Horse Property Checklist
Local focus northern California foothills or gold country
Horse property is as much about a life style as it is about a place to live. There are many things to consider when buying a property for you and your horses.
Add to the questions about a home. How many bedrooms? How many bathrooms? What features do I want the kitchen to have? Do I need a home office? Check out the new house check list for more ideas.
Horse property has a whole list of its own. Where are the nearest horse friendly trails? What zoning does this property permit? How many animals can be accommodated on a property? What are my water rights? Does the property have access to enough water quality and of good quantity sufficient for the need?
Will my neighbors be troubled with fly and odor nuisances? How will hay and supplies delivery be handled? What will be done with manure? Is the road traversable by horse trailers? Is the property able to bring in horses as boarders to help pay the bills? What are the rules about building arenas? How much will it cost to update the barn? How much will it cost to build a new barn?
Location is important to horse property in gold country. If the property is off the beaten path, then it will take longer to get to work on time. Will the veterinarian and farrier be able to get there if it gets snowed in during the winter? Is the property horse trailer friendly? Does it have narrow and winding roads? Selecting location is also important to trail riders who want easy access to trails.
The natural features of the horse property can have a big impact upon the usefulness of the parcel. Some northern California foothill horse properties have steep mountainsides sections. Many times this does not make for good horse pasture.
Pay attention to where low spots or other troublesome characteristics may be on your prospective horse property. Areas that are largely covered with rocks with spaces in-between can be a real hazard for horses.
Examine potential horse property for land prone to flooding from water sources. Low-lying areas that catch the rain and run off could be dry for half the year and a lake the other half.
Many rural properties don't have good wells. Check the well for volume and quality. Learn of all water sources that the property has access too. Find out about the water rights and contracts before owning the property.
The pastures could look green in northern California foothill horse properties. But find out why they are green? Often, unmaintained pastures look green and lush from a distance, but on closer inspection are full of undesirable weeds. There can be noxious plants. One example is the beautiful red oak trees which are lovely to look at, but their leaves are poisonous to horses.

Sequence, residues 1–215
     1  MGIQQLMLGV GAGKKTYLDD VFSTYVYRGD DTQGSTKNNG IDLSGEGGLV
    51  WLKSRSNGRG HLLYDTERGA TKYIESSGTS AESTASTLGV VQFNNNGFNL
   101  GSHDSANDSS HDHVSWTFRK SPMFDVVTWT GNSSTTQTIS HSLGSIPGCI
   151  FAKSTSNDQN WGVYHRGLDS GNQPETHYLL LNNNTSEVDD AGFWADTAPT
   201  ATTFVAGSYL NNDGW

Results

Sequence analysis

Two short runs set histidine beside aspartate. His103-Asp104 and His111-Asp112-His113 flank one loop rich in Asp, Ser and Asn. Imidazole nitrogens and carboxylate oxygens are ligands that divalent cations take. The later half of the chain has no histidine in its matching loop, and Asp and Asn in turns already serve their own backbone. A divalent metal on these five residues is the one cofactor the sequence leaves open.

While owning a large horse property is very tempting, often it comes with an upkeep cost. The larger the property, the more upkeep work there is. Are you prepared to build or repair outbuildings? Examine any existing fences and buildings for safety and work needed to bring them up to your standard. Check maintains issues: things like water pipes, electrical, weeds, feeding areas, stalls and the general condition of the property. Take note of the state of roofs.
Here are few more questions that come up when looking at horse property in the northern California foothills gold country. Are the stalls watering systems in good condition? What is the condition of the stall gates? Is there a good tack-up area for the horses? Is there a good, ventilated area for storing hay and shavings? Is there a tack room, wash rack, good footing in the stalls and turn-out paddocks? How will you dispose of the manure? How will you control the summer fly situation? Is there irrigation available for the pastures? Is there enough pasture land to have dry pastures too? Does the pasture consist of spring weeds or planted pasture grasses? Are there any poisonous weeds or trees already existing in the pasture areas? Are there any run-in shelters in the pastures in case of down pours or excessive heat?
In many ways this list of horse property checklist is only a starting place. Each person has their own needs and wants that make for the perfect northern California foothills horse property. The gold country offers a rich selection of horse properties. Some are hilly and filled with tress others are open areas that turn that golden brown which is the mark of the Sacramento valley. What works best for each person is the ideal horse property for them.
I hope if you are looking for horse property in northern California you contact me to assist you in your search. Coffee Real Estate team approach of using many experts to make the real estate transaction go smoothly can help you reach your goal to find the best horse property for you. If you are looking to sell your horse property our team will find all the value of your horse property when selling. Contact us at 916 481 8106 or use the form below to email us.
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